NEW YORK ( MainStreet) — Would you try to deduct your dog as a burglar alarm for your home office? How about cosmetic surgery for breast implants ?

Those are two of the wackier deductions taxpayers have proposed to take on their federal returns. But what's even wackier is that, while the first deduction was denied by the IRS, the second was not. The IRS has ruled repeatedly that puppy chow, vet visits and other costs associated with keeping a dog can't be written off as business expenses on the basis that the dog provides security.

It tried to do the same with an exotic dancer who wanted to deduct the cost of her breast implants , but the federal tax court said the ersatz chest was a legitimate cost related to her work.

There are just a few of the oddball tax deductions that CPAs see clients trying to wangle, including one who wanted to write off a home media room as a videoconferencing center. The taxpayer in that case decided on the advice of his tax preparer not to try to claim the deduction. Most off-beat tax deductions meet similar fates when they run up against cautious accountants.

But some persistent taxpayers give up only after the IRS formally tells them the deductions won't fly. And a small number are willing to pursue the matter all the way to tax court. There, still more zany tax deductions fall by the wayside. But a few manage to receive the stamp of approval of the tax court judges.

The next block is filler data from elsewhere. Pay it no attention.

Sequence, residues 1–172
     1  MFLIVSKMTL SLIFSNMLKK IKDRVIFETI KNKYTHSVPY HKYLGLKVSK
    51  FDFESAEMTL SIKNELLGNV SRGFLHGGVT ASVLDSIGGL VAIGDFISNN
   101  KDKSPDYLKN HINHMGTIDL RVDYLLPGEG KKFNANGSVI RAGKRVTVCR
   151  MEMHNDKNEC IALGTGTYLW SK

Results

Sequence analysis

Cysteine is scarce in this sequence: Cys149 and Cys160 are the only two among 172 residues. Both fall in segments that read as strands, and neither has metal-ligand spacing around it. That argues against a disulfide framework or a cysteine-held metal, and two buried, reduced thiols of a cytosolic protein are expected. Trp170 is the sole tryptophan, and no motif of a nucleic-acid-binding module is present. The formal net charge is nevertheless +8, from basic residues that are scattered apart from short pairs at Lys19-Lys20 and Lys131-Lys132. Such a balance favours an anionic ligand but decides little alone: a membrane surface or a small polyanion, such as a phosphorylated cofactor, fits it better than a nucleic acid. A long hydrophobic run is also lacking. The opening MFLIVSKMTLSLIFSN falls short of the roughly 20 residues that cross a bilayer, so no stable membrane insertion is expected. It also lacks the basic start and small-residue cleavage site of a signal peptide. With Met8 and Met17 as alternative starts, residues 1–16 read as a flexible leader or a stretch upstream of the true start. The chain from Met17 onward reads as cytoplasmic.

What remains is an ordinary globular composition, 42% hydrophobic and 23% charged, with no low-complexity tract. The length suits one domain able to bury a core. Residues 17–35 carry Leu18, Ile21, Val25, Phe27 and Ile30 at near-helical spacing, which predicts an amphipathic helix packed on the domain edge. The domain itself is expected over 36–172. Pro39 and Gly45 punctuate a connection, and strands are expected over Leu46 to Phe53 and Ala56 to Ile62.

For instance, one guy wrote off payments to his girlfriend , claiming she was helping him manage his rental property and coordinate his personal household. The tax court said he could deduct a portion of the payments as an expense against rental income. The part of the payments that was judged to be for housekeeping, however, was ruled a personal expense and non-deductible.

Trying to write off payments to friends and family as a business expense is a common theme of unusual deductions. It can work, but only if the relative or friend is actually doing something to earn the money. That's what one Minnesota taxpayer learned after trying the IRS rejected his attempt to get a credit for wages supposedly paid to an infant .

The same thing goes for pets. Some pet-related expenses, such as the cost of moving your pet when you relocate for work, are almost always deductible according to IRS rules . But pet owners often get carried away and try to deduct pet food, vet bills and other costs as business expenses when the pet isn't actually contributing anything to the business.

For instance, a guard dog has to actually be guarding something for it to have much chance of serving as a deduction. The determination of deductibility will depend on factors like the dog itself -- Doberman Pinscher or miniature dachshund? -- as well as the work being done -- patrolling a pawn shop overnight, or fetching your slippers?